Yes, friends...that is the sound of a dissertation that has been signed, sealed, and delivered. To the committee. Out of my hands. As in...no more work can be done on it. It is what it is. And I actually think it's pretty good. I finished writing it on Sunday night, but I've spent the rest of the week doing little things--table of contents, checking references, etc. And I spent the last two days reading every single word of it. I added a little, took nothing away, and finally decided it was time to let it go.
I have a little over a month until my defense. It is necessary to get the dissertation out to the committee a month before the defense so that they can come up with lots of really hard questions to ask you. So, this meant I had to get five copies made. One for each committee member, and one for the graduate recorder (more on that later). So I went to UPS.com. I do my printing there because there is one really close to me. I uploaded the pdf file, specified everything I wanted--what type of paper, binding, etc....and I just couldn't get myself to hit submit. I found myself wanting to read it just one more time. Let me check that table, that paragraph, the abstract...just one more time. For as happy as I was to be officially done writing it, it was really hard to let go of. I just sat there for several minutes, staring at the button. And finally, I did it. That document, in which I have been immersed for nearly two years, is now out of my control.
Those of you who have written a dissertation will understand what I mean. When you begin your doctoral program, everything you do--every course you take, every paper you write, every article you read--is geared, in some way, toward your dissertation. I can remember, during my first year in the program, viewing the dissertation as something that was SO far away....almost unreal and untouchable. And now, I have one. Like, a complete one. WITH MY NAME ON IT. Sure, it hasn't been defended...nor blessed by the graduate recorder. But it's done.
I am very glad I did not track how many hours I put into writing it. It would remind me of all the late nights, time away from my family, sleep deprivation, and all the multi-tasking I have done. I've worked on it while breastfeeding, administering Amelia's spelling tests, watching TV, watching Rowan play outside, lying under the robot, and in the car (not while driving). In other words, it has been a constant back drop in my life for a very long time. And now it's gone. I'm glad, of course. It just feels strange. But I can say that I am very pleased with the result. Every single sentence in that 250+ page document is meaningful (at least to me). The research I did is important, and I think the results will benefit many. And it will serve as the base of my research career.
So I'm picking up the copies tomorrow (and not looking at them because I'll die if I find an error), and delivering them to the committee on Monday. They already have electronic copies, but they need a hard copy to take notes, etc. I also have one for the graduate recorder. I've talked about her before. Very nice woman, but a thorn in my side. She will be reviewing, on Monday, my dissertation. And she will likely give me a bunch of work to do--things I need to change. But they won't be content-related. They'll be margin-related. And I have hired someone to help me with that. So it shouldn't be too bad.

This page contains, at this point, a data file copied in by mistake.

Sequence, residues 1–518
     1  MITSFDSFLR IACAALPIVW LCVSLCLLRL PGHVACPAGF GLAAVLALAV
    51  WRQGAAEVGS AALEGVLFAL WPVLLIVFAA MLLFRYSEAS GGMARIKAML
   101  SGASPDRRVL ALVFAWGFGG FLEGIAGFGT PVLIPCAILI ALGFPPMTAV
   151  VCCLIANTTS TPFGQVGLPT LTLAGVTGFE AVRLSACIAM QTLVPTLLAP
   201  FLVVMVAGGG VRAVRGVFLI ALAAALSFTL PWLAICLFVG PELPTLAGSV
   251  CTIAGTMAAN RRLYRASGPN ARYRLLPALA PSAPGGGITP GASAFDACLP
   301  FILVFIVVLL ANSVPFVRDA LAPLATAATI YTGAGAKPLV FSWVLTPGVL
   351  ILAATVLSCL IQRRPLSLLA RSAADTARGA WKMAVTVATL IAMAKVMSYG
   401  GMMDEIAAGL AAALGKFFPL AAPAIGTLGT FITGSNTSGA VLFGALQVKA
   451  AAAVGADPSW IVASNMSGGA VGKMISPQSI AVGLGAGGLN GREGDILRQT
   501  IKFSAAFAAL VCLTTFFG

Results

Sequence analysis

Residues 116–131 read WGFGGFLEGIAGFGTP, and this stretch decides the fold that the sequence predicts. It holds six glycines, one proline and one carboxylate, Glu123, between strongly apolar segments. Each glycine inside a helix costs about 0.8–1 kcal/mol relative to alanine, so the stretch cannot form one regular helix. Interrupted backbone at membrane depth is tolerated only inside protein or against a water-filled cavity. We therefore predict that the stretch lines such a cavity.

The actual defense is on October 27th. After that, I can (mostly) count myself as done. And, boy, will I be happy.
Okay...running. I'm still in taper. I'm still dealing with the piriformis syndrome, but I'm about 70% better since my injections. I'm getting another round of them the week of the marathon. That's about all I can do. I don't know if my legs will be 100% by race day, but they'll be as close as they can be.
I (and all runners) always bad mouth taper, but at the end of my peak week...I was so ready for it. And I still am. This week, my legs have been SO tired. I'm only running 52 miles...but my legs just feel trashed. I'm hoping that next week's bigger drop in mileage will cure this.
Tomorrow is the Persimmon Festival 5K...and I'm running. I'm not racing it (not worth the risk with all my hip/sciatica issues), but I'm happy to be pacing my friend, Heather, through her first 5K. Heather is actually my ex-husband's wife. Yes...my ex-husband's wife. I'm good friends with both my ex (Yancy) and his wife, Heather. They are both tremendously good people and we consider them part of our family. It has worked out really well for Amelia--like she has one big, extended family.
Anyway--Heather used to be really anti-running. She thought I was crazy for running all these miles. Then, one day, out of nowhere...she started the couch to 5K program. And she has been running very consistently ever since. I don't think she's ever missed a run, and she's definitely got the bug (I've heard she even sneaks in extra miles--atta girl!). She has run 3 miles several times, but tomorrow is her first time pinning on a number. If you're a runner, you know that something magical happens when you shell out $20 and pin on a number. It's different. It's racing. It's awesome...and we are lucky that God gives us the ability to do it.
So I'll be pacing her, and she's going to do a great job. I'll run 7 miles early tomorrow morning, then 3 with her...giving me 10 for the day. After that....hmmm...I can do pretty much whatever I want. What I NEED to do is clean my house. But that can wait. I want to do something fun.
Oh...I almost forgot! Tim is injured! It's his back. It's the same kind of thing he did like 6 weeks ago, but it's back now. So he won't be racing Persimmon :( He probably could, but it's not worth risking Chicago.